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Redistricting controversy back in the news

Redistricting controversy back in the news

By Brian Calley

The redistricting controversy is back in the news and it is sure to cast a long shadow over the legislative process in the coming months.

Every ten years following the US Census, Congressional and Michigan House/Senate district lines are redrawn. This process establishes where the borders are for state representatives, state senators and US congressional members.

Over the past several months, a lawsuit has been making its way through the courts seeking a mid-term redrawing of the district lines. The lawsuit claims that the current maps are “gerrymandered.”

To the surprise of pretty much everyone, a panel of three federal judges declared the current lines unconstitutional. Their decision requires the state to redraw the lines by August 1st of this year. It requires the legislature to pass and the governor to sign a bill rectifying the court’s objections to the current district lines. Furthermore, the decision stipulates that if the legislature and governor fail to agree on new lines by August 1st, the judges will draw the lines themselves.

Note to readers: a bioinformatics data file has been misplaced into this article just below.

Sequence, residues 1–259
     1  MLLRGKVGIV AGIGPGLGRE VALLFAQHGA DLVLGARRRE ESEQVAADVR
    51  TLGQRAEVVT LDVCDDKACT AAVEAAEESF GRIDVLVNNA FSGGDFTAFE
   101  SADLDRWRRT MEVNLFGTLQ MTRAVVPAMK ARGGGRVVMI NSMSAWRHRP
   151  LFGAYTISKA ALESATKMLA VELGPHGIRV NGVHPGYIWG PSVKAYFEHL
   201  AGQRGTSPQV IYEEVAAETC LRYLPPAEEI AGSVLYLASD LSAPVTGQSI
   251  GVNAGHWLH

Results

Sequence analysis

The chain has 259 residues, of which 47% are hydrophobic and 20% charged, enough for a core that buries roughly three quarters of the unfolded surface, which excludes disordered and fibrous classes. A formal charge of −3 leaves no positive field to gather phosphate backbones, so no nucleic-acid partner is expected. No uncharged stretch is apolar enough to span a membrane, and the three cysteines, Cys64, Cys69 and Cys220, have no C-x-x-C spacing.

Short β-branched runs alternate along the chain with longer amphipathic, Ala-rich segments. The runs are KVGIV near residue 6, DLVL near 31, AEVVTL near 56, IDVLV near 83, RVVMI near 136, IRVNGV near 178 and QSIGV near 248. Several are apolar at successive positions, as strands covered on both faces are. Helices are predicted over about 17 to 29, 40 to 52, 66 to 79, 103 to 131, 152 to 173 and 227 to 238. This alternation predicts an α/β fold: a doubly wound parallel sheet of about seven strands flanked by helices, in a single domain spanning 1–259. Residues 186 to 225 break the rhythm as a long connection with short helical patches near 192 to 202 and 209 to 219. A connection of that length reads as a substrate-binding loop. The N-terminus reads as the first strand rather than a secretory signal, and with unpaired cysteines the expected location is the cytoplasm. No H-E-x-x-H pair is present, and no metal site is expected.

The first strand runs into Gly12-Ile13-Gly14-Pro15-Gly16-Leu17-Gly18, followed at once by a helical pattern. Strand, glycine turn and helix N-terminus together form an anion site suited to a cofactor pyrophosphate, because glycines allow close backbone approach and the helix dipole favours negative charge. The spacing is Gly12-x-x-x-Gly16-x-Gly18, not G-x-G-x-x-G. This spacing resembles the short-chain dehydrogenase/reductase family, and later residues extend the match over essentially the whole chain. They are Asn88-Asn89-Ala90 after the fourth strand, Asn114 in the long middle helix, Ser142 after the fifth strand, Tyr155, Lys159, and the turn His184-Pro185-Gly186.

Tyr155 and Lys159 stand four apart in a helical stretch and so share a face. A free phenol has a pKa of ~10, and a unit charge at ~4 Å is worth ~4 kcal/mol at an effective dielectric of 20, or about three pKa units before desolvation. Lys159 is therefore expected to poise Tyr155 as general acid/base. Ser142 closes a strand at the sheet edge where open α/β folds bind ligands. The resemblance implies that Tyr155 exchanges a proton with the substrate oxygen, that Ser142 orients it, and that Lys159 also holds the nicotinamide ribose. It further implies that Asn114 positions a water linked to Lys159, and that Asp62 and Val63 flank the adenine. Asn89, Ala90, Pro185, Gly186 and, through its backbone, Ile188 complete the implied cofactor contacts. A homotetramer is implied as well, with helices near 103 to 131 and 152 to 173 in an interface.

What is truly extraordinary about this decision is that the judges require existing state Senate terms to be cut in half and new elections called in 2020 for those seats in the yet to be drawn new districts. That is truly unprecedented and it is fair to classify at least this portion of the decision as extreme judicial activism.

Conventional wisdom is that this decision will not withstand scrutiny in our nation‘s highest court, the Supreme Court. Still, this is another example of opponents taking issues they lost in the legislative process to court in order to try and change the outcome. The constant use of the courts to overturn a separate and coequal branch of government is quickly becoming a source of uncertainty in Michigan.

The practical ramification of this decision, even if eventually overturned by the Supreme Court, is that our political system will be consumed and preoccupied by trying to fit a redistricting process into a couple of months. It normally takes a couple of years. What’s worse than that is that it puts the entire political system into election mode right away. And that is not conducive to creating an environment for tackling the most important issues.

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